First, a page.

Jim Karvellas is hoping the celebration of his 30 years as an NBA sportscaster at the Baltimore Arena tonight will be less traumatic than his debut as the voice of the then-Chicago Zephyrs, the forerunners to the Bullets, at the Chicago Stockyards in the winter of 1962.
"Actually, I started the year before as the P.A. announcer for the Chicago Packers, making $5 a night, when I sold [team owner] Dave Trager on the idea of broadcasting the games on a regular basis," said Karvellas, a Chicago native who has made his home in Maryland the past decade.
"The Bears, Cubs and Blackhawks kept the sports crowd hopping. I don't think eight people cared about the Zephyrs [the Packers, with a name change] or even knew who they were."
Equipped with a self-made radio set and harness complete with a coat hanger as an aerial, Karvellas was ready to launch his radio career on WFMQ. Well, not quite.
"The floor at the Stockyards was as slick as glass that night," Karvellas said. "The Zephyrs were playing the St. Louis Hawks, who, at the time, had some great players like Bob Pettit, Cliff Hagan, Lenny Wilkens and Zelmo Beaty. Their coach, Fuzzy Levane, sees these guys skating around like Dick Button and pulls them off the court.
The game got held up an hour, and most of the fans left before it started. It was a heckuva way to break in the business."
When the Zephyrs moved to Baltimore in 1963, and were rechristened the Bullets, there were no guarantees Karvellas would come with the franchise, along with a plump, young office helper named Jerry Krause (yes, the same Krause who now masterminds the Bulls).
"I had to fly to Philadelphia and plead my case to a guy named Ian Flamma, who had the ad agency that was hiring the announcers for Baltimore," said Karvellas.
"I'd lost my only game tape and had to ad-lib a whole game to sell myself. They had about six other guys audition. When I didn't hear from Flamma, I got desperate. I told him, 'I'm the best play-by-play man available. If you don't hire me, you're making a terrible mistake.' "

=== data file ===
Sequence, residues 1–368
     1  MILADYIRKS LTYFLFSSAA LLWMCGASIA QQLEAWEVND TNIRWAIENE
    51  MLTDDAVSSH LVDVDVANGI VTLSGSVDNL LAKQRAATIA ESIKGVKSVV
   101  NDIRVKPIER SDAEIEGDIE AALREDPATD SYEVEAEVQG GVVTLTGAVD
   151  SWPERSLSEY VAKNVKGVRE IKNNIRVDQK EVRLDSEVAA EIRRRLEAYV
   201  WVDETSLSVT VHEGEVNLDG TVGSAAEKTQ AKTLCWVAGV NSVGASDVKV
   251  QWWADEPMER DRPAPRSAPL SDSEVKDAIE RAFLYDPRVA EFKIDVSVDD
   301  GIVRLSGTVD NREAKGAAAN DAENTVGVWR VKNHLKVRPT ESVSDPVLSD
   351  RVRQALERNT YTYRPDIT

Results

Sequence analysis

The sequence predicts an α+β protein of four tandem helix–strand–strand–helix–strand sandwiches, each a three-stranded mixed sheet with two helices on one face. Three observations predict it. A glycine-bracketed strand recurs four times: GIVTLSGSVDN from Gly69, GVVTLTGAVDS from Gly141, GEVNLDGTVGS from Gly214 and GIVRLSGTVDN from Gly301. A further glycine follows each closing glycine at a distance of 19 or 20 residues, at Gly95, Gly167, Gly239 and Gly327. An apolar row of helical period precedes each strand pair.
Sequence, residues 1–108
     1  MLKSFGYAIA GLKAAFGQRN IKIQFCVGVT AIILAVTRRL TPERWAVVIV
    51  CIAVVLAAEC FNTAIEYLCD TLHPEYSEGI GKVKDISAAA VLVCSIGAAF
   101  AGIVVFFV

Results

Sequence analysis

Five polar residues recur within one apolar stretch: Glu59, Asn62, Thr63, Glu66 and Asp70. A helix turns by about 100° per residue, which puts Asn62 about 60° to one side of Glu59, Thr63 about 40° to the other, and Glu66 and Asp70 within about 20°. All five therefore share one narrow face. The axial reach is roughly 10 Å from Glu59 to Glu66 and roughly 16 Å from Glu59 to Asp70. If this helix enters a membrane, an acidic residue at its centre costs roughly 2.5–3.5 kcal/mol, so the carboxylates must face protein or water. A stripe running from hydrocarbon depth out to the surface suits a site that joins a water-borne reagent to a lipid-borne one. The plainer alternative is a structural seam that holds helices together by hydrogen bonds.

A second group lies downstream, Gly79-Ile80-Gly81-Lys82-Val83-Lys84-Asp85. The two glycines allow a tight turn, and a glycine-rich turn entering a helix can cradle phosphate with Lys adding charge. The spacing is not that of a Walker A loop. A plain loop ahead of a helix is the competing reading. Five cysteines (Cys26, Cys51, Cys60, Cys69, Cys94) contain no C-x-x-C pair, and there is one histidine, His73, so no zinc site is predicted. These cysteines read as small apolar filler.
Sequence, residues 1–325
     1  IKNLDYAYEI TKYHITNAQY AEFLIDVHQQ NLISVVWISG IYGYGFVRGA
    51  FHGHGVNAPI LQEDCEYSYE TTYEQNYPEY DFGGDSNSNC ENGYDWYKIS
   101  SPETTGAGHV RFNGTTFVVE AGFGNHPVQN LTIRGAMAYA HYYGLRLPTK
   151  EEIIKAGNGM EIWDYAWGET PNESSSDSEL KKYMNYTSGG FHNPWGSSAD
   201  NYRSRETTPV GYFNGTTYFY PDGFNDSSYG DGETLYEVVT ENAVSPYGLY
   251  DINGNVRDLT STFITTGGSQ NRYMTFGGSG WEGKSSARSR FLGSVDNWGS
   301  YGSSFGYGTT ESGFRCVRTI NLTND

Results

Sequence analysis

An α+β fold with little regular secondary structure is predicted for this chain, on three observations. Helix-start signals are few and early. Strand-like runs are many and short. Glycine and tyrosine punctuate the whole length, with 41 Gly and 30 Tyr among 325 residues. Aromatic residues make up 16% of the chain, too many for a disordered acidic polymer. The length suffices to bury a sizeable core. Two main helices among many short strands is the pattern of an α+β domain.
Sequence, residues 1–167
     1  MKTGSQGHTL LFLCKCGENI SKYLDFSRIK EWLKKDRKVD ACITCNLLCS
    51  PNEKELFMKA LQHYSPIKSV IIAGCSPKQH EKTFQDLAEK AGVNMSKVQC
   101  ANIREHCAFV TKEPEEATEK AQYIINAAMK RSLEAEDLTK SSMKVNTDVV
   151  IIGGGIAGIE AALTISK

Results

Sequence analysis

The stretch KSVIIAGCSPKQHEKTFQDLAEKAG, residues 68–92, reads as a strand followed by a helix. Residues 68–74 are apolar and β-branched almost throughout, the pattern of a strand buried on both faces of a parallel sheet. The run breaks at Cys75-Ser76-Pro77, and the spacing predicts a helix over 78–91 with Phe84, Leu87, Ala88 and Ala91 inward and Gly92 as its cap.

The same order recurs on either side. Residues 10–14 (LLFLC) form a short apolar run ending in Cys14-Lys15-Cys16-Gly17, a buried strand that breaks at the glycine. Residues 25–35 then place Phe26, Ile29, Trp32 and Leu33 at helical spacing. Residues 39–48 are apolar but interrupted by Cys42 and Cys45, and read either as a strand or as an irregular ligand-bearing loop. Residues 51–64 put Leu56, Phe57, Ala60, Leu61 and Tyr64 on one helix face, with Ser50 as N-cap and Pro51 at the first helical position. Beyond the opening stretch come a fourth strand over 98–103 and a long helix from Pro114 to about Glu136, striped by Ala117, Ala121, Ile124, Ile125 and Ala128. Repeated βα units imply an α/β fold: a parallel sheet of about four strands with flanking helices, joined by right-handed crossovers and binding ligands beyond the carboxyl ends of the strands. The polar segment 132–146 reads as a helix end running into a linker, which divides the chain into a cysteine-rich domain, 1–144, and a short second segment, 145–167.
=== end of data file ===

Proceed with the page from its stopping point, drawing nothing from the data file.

Flamma went for the pitch, and now, some 1,500 games later, Karvellas is back in the arena where he built his reputation.
Faithful Baltimore Bullets fans got accustomed to Karvellas calls that had "the Pearl" (Earl Monroe) passing the ball to "Murph" (Kevin Loughery), who came off a pick by the "Honeycomb" (Gus Johnson) to fire home a "twisting jump shot."
"Those were the days when people called each other "Slim" and "Spike," he recalled. "Just about everyone on the Bullets had a recognizable nickname. "We also had 'Mad Dog' [Fred Carter], 'Waxie' [Don Ohl] and 'Razor' [Eddie Manning]. The in fans knew who I was talking about. Only Wes Unseld didn't have a nickname. I think we were too scared to call him anything but Wes."
And there was Karvellas' patented call of "bull's eye!" whenever a Bullet ripped the nets with a perimeter shot.
"That was something I kind of borrowed from Buddy Blattner, the old New York Giants infielder who was doing Hawks basketball games when I grew up in Chicago," he said. "He used to yell 'Bingo!' when a guy made a good shot, and it kind of stuck with me.
" 'Bull's eye' fit in perfectly with the Bullets, but the first time a sound man made that ricocheting "B-ding" noise at the Arena, it almost gave former Celtics great Bill Russell a heart attack.
"That's right," said Karvellas. "Russell was a civil-rights activist and had joined Martin Luther King in some demonstrations in Alabama that summer before we came to Baltimore. He had experienced all kinds of death threats.
"And now Russell is jumping against Walt Bellamy to start our first home game in Baltimore, and they make that 'B-ding' sound. Russell hit the floor, covering his head. He figured it was an assassination attempt."
Ah, the good old days.
"Yeah, Bellamy was a superstar. He averaged a ton of points and rebounds that first year in Chicago and got paid $18,000. Almost all the players held jobs down in the off-season. But the NBA was low man on the sports totem pole back then.
"That's the most rewarding thing for me, watching how this game has evolved and mushroomed in fan interest and salaries over the last four decades," said Karvellas, beginning his second tour of duty with the Bullets on Channel 20 after a brief hiatus with professional soccer in Baltimore and Washington, and the last six NBA seasons as voice of the New York Knicks.
"We've got some great individual players today like Michael Jordan, Dominique Wilkins and Clyde Drexler. But because of money, agents and egos, the down side is you don't see the great team play the Celtics displayed in the 1950s and the Knicks in the '60s.
"But I'm just lucky to have lasted this long in this business. It's been a great run."